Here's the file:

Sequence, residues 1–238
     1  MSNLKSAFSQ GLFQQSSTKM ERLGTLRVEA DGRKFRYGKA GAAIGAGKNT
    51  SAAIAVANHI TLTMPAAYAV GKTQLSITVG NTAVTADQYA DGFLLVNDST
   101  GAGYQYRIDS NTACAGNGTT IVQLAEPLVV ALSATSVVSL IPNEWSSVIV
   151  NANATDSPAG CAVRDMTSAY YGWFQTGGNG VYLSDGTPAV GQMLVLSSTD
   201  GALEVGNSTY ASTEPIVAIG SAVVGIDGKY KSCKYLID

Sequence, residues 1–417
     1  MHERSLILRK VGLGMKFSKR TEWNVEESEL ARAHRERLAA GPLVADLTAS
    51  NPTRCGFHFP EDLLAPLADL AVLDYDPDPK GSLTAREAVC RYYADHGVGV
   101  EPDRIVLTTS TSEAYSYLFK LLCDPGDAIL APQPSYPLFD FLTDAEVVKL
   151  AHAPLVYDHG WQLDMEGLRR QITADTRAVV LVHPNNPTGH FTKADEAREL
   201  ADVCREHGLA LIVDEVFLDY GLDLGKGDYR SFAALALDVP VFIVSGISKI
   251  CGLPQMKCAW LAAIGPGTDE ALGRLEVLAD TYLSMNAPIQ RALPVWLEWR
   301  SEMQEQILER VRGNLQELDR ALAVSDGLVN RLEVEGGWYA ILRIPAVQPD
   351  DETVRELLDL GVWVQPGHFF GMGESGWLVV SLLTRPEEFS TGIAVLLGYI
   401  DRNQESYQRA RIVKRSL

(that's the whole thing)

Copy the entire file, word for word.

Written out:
Sequence, residues 1–238
     1  MSNLKSAFSQ GLFQQSSTKM ERLGTLRVEA DGRKFRYGKA GAAIGAGKNT
    51  SAAIAVANHI TLTMPAAYAV GKTQLSITVG NTAVTADQYA DGFLLVNDST
   101  GAGYQYRIDS NTACAGNGTT IVQLAEPLVV ALSATSVVSL IPNEWSSVIV
   151  NANATDSPAG CAVRDMTSAY YGWFQTGGNG VYLSDGTPAV GQMLVLSSTD
   201  GALEVGNSTY ASTEPIVAIG SAVVGIDGKY KSCKYLID

Sequence, residues 1–417
     1  MHERSLILRK VGLGMKFSKR TEWNVEESEL ARAHRERLAA GPLVADLTAS
    51  NPTRCGFHFP EDLLAPLADL AVLDYDPDPK GSLTAREAVC RYYADHGVGV
   101  EPDRIVLTTS TSEAYSYLFK LLCDPGDAIL APQPSYPLFD FLTDAEVVKL
   151  AHAPLVYDHG WQLDMEGLRR QITADTRAVV LVHPNNPTGH FTKADEAREL
   201  ADVCREHGLA LIVDEVFLDY GLDLGKGDYR SFAALALDVP VFIVSGISKI
   251  CGLPQMKCAW LAAIGPGTDE ALGRLEVLAD TYLSMNAPIQ RALPVWLEWR
   301  SEMQEQILER VRGNLQELDR ALAVSDGLVN RLEVEGGWYA ILRIPAVQPD
   351  DETVRELLDL GVWVQPGHFF GMGESGWLVV SLLTRPEEFS TGIAVLLGYI
   401  DRNQESYQRA RIVKRSL